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I know I should be working on a branch of my own but a couple of us are on the same branch of a project. One of the Dev's made a commit and I just wanted to update my local copy with the latest from SVN. Running 'svn update' I get this output:

Restored 'index.html'
U    somescript.php
Conflict discovered in file.xml'.
Select: (p) postpone, (df) diff-full, (e) edit,
        (mc) mine-conflict, (tc) theirs-conflict,
        (s) show all options: 

Is there an option/way to overwrite my local changes and get the latest file(s) from subversion and ignore all the conflicts?

I've looked at some of the other posts on Stack and they all don't answer the question. They say to delete the project and checkout again, which I guess if that's the best way so be it... But wanting more details as to why I can't force an update. Thanks


So I selected s 'show all options':

(s) show all options: s

  (e)  edit             - change merged file in an editor
  (df) diff-full        - show all changes made to merged file
  (r)  resolved         - accept merged version of file

  (dc) display-conflict - show all conflicts (ignoring merged version)
  (mc) mine-conflict    - accept my version for all conflicts (same)
  (tc) theirs-conflict  - accept their version for all conflicts (same)

  (mf) mine-full        - accept my version of entire file (even non-conflicts)
  (tf) theirs-full      - accept their version of entire file (same)

  (p)  postpone         - mark the conflict to be resolved later
  (l)  launch           - launch external tool to resolve conflict
  (s)  show all         - show this list

I guess I should go with option 'tc'?

share|improve this question
Why would you want to do this? Do a merge and you wont loose your changes. Otherwise do a svn revert and then svn up. – halfdan Sep 14 '10 at 13:17
the point is I don't need my changes and wanted to get the latest version for that file and overwrite my changes – Phill Pafford Sep 14 '10 at 13:19
Why don't you delete the file and get the recent version just by updating? :) – Select0r Sep 14 '10 at 13:23
That is one way, but what if I had a couple of hundred files and I didn't want to delete the project or delete the file(s), is there a way I could 'svn update' to get the latest version? – Phill Pafford Sep 14 '10 at 13:30
up vote 38 down vote accepted

If you really want a copy of HEAD (the latest revision in repos), then you should

svn revert -R <path> // discard all your changes inside path (recursive)
svn update           // get latest revision of all files (recursive)

That's it.

Beware that you will loose ALL your changes since your last 'commit'.

EDIT: added the -R <path> from Isu_guy answer for the sake of completeness and helping readers find a single full answer

share|improve this answer
Thanks I will have to try this but looks like what I need. – Phill Pafford Sep 15 '10 at 18:07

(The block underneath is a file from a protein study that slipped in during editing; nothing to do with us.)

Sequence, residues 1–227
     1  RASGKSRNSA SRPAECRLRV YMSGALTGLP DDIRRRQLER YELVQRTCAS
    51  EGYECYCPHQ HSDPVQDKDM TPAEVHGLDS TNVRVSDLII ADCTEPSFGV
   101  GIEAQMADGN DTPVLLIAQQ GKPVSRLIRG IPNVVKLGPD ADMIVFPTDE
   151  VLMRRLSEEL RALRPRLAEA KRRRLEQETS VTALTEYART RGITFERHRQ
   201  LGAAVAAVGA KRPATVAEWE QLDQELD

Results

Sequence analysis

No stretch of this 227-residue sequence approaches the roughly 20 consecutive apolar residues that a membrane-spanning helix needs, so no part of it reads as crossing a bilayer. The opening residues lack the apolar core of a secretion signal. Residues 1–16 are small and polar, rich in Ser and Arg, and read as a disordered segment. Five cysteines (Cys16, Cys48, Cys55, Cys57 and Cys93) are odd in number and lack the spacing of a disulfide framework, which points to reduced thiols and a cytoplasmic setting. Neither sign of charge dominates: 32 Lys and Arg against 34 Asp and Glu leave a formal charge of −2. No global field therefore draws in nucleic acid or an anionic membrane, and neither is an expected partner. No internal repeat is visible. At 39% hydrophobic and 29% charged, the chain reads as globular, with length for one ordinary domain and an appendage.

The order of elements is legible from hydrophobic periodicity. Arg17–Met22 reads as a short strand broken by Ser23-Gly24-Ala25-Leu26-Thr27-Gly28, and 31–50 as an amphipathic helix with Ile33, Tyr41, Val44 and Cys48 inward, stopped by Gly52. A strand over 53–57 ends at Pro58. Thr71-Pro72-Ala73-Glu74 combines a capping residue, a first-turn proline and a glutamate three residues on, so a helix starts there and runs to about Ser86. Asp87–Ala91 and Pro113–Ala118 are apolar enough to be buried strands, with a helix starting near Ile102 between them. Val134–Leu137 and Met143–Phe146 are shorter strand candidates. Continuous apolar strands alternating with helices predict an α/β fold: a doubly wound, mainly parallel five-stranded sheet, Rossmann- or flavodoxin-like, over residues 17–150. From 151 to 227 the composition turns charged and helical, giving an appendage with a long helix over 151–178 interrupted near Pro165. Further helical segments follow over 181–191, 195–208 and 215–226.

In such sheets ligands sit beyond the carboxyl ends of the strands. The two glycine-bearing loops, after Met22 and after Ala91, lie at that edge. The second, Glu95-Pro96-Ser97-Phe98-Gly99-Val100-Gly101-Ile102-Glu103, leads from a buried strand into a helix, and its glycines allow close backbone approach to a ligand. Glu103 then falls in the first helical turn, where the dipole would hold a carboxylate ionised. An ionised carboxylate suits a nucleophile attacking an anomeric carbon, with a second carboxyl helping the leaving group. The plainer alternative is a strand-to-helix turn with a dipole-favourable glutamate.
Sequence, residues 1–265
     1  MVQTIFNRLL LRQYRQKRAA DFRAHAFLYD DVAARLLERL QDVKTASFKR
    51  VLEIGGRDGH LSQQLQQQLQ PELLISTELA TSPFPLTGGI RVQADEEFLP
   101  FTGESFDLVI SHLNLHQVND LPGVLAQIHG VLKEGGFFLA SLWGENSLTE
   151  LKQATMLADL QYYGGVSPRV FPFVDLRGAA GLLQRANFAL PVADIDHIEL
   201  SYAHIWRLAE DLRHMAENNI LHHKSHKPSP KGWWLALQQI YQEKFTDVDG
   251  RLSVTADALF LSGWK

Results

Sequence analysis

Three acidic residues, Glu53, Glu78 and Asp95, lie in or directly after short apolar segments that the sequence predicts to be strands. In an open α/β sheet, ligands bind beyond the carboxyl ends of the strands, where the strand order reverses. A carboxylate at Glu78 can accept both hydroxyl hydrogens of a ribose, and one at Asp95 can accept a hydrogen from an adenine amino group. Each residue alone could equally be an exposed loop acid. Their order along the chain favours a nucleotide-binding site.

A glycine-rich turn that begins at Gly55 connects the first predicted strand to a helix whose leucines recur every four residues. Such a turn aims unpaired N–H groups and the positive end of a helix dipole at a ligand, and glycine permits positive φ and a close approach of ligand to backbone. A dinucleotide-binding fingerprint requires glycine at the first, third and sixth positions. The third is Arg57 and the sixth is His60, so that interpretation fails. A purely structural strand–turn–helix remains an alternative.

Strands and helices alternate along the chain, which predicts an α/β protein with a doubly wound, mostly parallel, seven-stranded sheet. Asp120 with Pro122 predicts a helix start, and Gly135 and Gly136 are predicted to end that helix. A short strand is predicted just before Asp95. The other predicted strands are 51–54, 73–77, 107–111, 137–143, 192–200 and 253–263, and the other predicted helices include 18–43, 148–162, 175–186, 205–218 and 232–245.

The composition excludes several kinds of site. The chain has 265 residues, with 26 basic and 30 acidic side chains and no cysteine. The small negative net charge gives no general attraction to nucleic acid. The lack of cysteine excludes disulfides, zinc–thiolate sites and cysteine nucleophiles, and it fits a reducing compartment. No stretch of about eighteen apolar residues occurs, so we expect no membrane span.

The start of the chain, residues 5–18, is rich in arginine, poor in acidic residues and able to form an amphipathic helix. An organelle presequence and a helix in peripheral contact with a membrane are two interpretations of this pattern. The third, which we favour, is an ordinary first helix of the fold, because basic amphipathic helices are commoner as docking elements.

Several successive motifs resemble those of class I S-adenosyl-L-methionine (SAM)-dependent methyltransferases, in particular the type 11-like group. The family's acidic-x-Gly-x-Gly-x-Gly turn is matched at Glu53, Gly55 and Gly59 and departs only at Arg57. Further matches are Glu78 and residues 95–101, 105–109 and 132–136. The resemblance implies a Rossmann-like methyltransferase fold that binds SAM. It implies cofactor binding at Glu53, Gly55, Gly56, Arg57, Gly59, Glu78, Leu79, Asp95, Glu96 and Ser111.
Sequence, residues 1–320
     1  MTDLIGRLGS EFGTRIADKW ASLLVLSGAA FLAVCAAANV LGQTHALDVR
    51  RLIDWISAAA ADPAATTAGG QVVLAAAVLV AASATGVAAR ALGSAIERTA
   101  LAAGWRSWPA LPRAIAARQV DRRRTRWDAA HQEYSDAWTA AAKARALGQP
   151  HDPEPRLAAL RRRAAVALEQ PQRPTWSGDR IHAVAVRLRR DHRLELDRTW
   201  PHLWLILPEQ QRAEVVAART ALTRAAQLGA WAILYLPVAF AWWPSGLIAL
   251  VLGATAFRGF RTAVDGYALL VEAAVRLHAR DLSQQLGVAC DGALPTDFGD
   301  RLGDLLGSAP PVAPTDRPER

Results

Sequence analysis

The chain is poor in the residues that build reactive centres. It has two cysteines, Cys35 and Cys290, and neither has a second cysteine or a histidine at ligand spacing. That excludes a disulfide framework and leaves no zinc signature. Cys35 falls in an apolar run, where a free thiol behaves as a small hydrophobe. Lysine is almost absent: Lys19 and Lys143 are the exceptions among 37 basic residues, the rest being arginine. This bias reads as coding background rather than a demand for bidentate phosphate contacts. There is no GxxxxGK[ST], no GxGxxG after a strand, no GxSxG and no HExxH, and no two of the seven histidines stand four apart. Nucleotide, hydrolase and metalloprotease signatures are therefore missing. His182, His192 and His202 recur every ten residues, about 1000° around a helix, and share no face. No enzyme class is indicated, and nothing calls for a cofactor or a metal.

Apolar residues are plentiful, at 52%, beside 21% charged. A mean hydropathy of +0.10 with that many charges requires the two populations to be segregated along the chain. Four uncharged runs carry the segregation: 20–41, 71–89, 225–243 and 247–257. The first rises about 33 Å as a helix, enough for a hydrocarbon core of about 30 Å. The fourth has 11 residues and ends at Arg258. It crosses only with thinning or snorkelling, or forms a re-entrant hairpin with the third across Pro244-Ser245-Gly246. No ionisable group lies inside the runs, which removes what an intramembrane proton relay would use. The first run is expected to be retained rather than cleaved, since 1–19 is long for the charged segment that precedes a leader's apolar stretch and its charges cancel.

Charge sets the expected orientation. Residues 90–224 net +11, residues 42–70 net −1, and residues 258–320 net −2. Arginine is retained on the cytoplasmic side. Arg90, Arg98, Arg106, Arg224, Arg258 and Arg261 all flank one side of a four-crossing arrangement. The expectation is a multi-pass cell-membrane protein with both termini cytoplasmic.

Unversioned files are not removed. See also here: Is there a Subversion command to reset the working copy? – Mariano Paniga Dec 17 '15 at 14:29

tato's answer is absolutely correct and please heed his caution. You will loose ALL your changes. Just a clarification on syntax and some nuances

svn revert is non-recursive by default and needs a path to work on. To make is recursive add "-R". If you are in the current directory use "./" for the "path" below or use an absolute path like "/path_to_your_folder"

svn revert -R <path>

svn update is recursive. If you are in the directory you don't need a path at all

svn update
share|improve this answer

Sorry, I realize this is a fairly old post, but rather than two operations, I'd do this:

svn up --accept tf

That said, "svn revert -R" then "svn up" at the root of your working copy would also do the trick. In my case, I have several WCs for various projects, so I run a shell script that updates all the them when I start up my computer. I don't use accept, rather I use "--accept p" to postpone resolution since it's an automated process, then I merge any conflicts that SVN can't automatically merge on it's own (usually, this involves reverting, but it depends).

share|improve this answer
this command not working, it is telling bad parameters. – arvindwill Jul 11 '13 at 14:49
strange - might be SVN client/version specific. I'm running the current version of TortoiseSVN on Win7, however this command also works on the SVN server we have on our CentOS servers too. – Carnix Jul 16 '13 at 13:33
As Andrei mentioned below, svn up --accept theirs-full – Raghav Dec 12 '13 at 0:25

Using svn 1.6.11 (as shipped by CentOS 6.4) Carnix's command should look like

svn up --accept theirs-full

(cant add a comment since I don't have enough reputation)

share|improve this answer

Answering your first question. No. But you can override your local files by running the following commands from the root of your project:

svn revert -R .
svn update

This worked on my mac with svn 1.7.19 and ubuntu with svn 1.8.8

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